• Thank you for taking the time to answer my comment. I don’t think it is the hearing aids. Not unless the actual hearing aid design is bad. They have both been replaced for different reasons within the couple of years I have had them. I have been to a couple of different audiologist in my area. I do know someone (that says her hearing is perfectly clear with her aids) that lives in the next state from me. She highly recommends her audiologist but she is about an hour or so away from me. I have toyed with the idea of going to see her. I have been just so traumatized by this whole situation. And really have kind of given up on getting help. And really feel there is no one that wants to or can help me. It seems their first priority isn’t the patient it is selling new hearing aids. Having the hearing loss is bad enough without being treated the way I have been treated. I was told by someone (through correspondence) with a CI that finding a competent audiologist is not an easy task. I thought she was exaggerating. But I now know that she was spot on with her comment. Funny thing about the programming on the hearing aids. It appears that each audiologist adjusts hearing aids differently. That there is no set way to program them. That they are not actually taught programming when in school it is just something picked up afterwards. Everyone of them think their programming is the best. So, to say they aren’t programmed correctly might very well be true. But they are programmed correctly to what the programming audiologist calls ‘appropriate’. I am just told I have to adjust to the hearing aids. And I know that is true to a point. But there are just some things a person can’t adjust to. I am very well aware I will never have good hearing again. I was just hoping I could have the best that I am able to have. It just doesn’t seem to be the way things happen.

      • I am sorry to hear about all the trouble your are having. Maybe a visit to your friend’s audiologist would make sense or perhaps she has a recommendation for someone closer to where you live. Alternatively, ENT doctor’s offices sometimes have audiologists on staff that could be helpful. Please don’t give up. There must be a way to improve the way your hearing aids are operating.

      • Thanks, I am going to sit tight for another couple of months anyway. My hearing aids are still under warranty and I don’t want to jump around again until it runs out. They will be three years old. I don’t feel they are old enough to replace. The technology doesn’t really change much in three years. I think I will contact the audiologist that my friend recommended through email with copies of my hearing tests to see what she thinks before I waste her time and mine by going up there. When my friend lived in this area she went to an audiologist that had everything messed up with her aids. She was struggling along just like I am now. After she moved and had this new audiologist, she heard that the other audiologist had closed down their office….. But I really do think that just making due is the only way to go. Maybe in a few years there will be new aids out that might be better for me. I got my hearing aids from an audiologist attached to an ENTs office. But she played a huge guessing game with programming (it was just a tiny office without much technology) and I just couldn’t deal with it. So, that is when I started to look around a bit and found out I was going to be pretty much adrift in the sea. :-). Thank you for your help. I really appreciate it, Sharon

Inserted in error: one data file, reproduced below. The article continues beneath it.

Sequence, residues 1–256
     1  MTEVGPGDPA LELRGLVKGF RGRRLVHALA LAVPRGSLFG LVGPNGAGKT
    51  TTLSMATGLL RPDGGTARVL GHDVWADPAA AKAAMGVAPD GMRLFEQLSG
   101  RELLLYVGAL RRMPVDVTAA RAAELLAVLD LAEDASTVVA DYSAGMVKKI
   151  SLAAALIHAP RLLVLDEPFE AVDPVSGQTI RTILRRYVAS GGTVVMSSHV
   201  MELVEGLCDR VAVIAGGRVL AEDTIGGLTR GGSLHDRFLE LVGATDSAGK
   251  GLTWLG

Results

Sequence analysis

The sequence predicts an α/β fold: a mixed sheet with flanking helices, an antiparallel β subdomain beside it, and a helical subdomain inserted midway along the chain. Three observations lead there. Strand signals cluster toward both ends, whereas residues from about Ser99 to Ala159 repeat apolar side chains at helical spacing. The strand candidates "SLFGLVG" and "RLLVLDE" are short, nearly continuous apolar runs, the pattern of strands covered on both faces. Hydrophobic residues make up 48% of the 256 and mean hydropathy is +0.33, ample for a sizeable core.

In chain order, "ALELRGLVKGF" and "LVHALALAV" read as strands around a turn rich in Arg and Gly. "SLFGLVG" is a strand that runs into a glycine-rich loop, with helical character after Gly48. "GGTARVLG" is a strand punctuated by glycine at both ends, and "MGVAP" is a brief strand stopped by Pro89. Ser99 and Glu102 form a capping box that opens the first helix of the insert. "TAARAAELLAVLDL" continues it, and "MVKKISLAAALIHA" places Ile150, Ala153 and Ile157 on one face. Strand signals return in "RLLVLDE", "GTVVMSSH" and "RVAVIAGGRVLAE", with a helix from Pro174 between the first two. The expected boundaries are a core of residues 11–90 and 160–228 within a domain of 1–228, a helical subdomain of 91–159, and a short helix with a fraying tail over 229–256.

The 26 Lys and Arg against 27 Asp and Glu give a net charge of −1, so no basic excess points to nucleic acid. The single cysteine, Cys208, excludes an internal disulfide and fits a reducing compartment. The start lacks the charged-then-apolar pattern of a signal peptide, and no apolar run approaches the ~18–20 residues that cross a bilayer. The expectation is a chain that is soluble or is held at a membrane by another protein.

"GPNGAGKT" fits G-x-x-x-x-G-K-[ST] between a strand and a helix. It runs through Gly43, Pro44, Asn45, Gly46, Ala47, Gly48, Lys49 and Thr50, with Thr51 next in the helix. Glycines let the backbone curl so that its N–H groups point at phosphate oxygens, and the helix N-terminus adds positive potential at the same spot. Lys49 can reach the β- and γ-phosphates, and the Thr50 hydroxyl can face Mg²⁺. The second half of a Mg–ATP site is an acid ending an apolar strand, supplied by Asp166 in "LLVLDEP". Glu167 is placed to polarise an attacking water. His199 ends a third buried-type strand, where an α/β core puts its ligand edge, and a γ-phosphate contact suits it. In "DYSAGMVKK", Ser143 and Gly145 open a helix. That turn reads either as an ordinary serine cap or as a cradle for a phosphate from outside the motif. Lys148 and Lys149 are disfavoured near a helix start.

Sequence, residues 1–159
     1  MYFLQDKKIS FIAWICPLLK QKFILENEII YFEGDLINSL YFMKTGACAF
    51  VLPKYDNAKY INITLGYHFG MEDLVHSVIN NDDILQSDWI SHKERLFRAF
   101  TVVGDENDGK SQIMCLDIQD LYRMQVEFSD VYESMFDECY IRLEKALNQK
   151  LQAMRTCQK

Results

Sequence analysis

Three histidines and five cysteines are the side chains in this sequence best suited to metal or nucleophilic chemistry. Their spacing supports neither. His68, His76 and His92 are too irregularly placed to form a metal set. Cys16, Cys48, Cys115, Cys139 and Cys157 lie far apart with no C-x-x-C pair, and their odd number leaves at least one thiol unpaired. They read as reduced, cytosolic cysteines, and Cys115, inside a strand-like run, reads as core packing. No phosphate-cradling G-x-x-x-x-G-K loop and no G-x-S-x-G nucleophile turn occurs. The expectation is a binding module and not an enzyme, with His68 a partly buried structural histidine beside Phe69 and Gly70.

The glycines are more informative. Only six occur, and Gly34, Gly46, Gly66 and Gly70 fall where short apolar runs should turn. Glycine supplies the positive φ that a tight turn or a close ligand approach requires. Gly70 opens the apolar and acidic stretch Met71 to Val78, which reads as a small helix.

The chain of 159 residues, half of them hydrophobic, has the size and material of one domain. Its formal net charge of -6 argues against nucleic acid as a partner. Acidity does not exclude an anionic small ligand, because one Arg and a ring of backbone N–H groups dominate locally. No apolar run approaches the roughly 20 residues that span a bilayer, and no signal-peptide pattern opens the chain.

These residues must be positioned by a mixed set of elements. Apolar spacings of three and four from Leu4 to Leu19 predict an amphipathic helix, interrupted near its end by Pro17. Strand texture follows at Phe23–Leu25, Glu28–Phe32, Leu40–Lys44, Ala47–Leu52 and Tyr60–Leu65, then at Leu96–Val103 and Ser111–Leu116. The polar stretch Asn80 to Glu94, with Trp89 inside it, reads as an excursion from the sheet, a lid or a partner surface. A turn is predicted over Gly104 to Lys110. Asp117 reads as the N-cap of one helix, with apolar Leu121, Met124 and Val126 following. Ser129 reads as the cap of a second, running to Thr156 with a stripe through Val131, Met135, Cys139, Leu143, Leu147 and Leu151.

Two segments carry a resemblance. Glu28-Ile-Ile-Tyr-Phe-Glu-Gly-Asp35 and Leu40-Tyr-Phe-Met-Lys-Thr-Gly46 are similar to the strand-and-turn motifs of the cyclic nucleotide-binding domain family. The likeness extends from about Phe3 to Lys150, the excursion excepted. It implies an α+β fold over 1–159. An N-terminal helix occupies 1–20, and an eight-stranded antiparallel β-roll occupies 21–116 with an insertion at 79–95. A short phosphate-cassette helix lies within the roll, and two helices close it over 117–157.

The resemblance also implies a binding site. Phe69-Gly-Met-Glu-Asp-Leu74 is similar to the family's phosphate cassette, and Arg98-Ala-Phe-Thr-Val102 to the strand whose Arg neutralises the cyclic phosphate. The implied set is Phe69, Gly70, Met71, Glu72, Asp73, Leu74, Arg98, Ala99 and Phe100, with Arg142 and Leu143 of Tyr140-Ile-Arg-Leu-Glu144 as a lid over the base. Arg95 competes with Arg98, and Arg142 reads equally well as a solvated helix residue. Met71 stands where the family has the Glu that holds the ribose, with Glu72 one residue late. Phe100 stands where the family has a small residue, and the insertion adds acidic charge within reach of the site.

3. Having “survived” the hearing world and working world for 54 years with a profound hearing loss, I highly recommend anyone with hearing loss to learn some kind of sign language as well as taking some lip reading classes. I find live captioning services , as fabulous as it is , is rarely available, and can be very expensive. I find doctors appointments to be a nightmare with hearing loss as well. I’ve resorted to bringing a family member with me to interpret, but find most doctors won’t even face you while speaking to you, they have their heads buried in a screen somewhere (love the ones that talk to you in the dark at the end of the examining table, haha). You will never find a perfect hearing aid, they all sound different and some are better than others, but a trustworthy audiologist should be willing to patiently work with you till they get it right. Google the reviews before you make the appt.

  4. I am a 22 year old who was born with a moderate-severe hearing loss. My parents thought I was just being a kid and ignoring them when they were calling my name up until the age of 5 years old, they finally decided to take me to an Audiologist to get my hearing evaluated. Turns out I had a hearing loss which lead me to getting hearing aids in junior high school. I was bullied so bad I refused to wear them at anytime. Due to not wearing them I had the hardest time up until I graduated from highschool. Until this day I am still shy about my hearing loss it takes me getting to know the person to even mention the topic. That being said I started working for a family owned hearing clinic (Kirkham Hearing) 4 months ago which has changed my perspective on acceptance entirely. It has showed me how much one’s experience can make someone else with a hearing loss that much more comfortable. Thanks to Kirkham Hearing they have helped me overcome my fear and change my everyday struggle into something I thought wasn’t possible due to my own experience. This positive outcome makes me feel passionate about helping others in the same situation because anything is possible. Thank you for changing my life Kirkham Hearing! I will never again be ashamed of having a hearing loss.

  5. I was born with hearing loss and have worn hearing aids since I was three, so coping with hearing loss was a bit different and easier for me. I really can’t say I ever was embarrassed about it. I actually embrace it. But your struggle and acceptance of hearing loss definitely resembles my journey with my vision loss. I am slowly losing my sight due to Retinitis Pigmentosa and have gone through basically the same steps you did to accept it. Thank you for sharing!

    Though I just started following your blog, I have enjoyed what you have to share and thus have nominated you for the Blogger Recognition Award 🙂

  6. I loved reading your story. I think it is helpful seeing that I am not alone. While my husband, children, and co-workers can all be supportive, it is encouraging knowing that others go through these struggles too. My story has many similarities. My father had hearing aids, but rarely spoke about it. It took me a decade to fully accept and embrace my hearing aids. I have worn them for 35 years now.
    Most days I accept and don’t think about my hearing loss. There are still events and thoughtless remarks by others that cause me to feel isolated. I also try to keep a sense of humor to bring me through lows. I consider how fortunate I am because of my supportive family and friends.
    I am considering reaching out to a local Hearing association to find more support.
    Thanks for sharing your thoughts in a blog.

Leave a Reply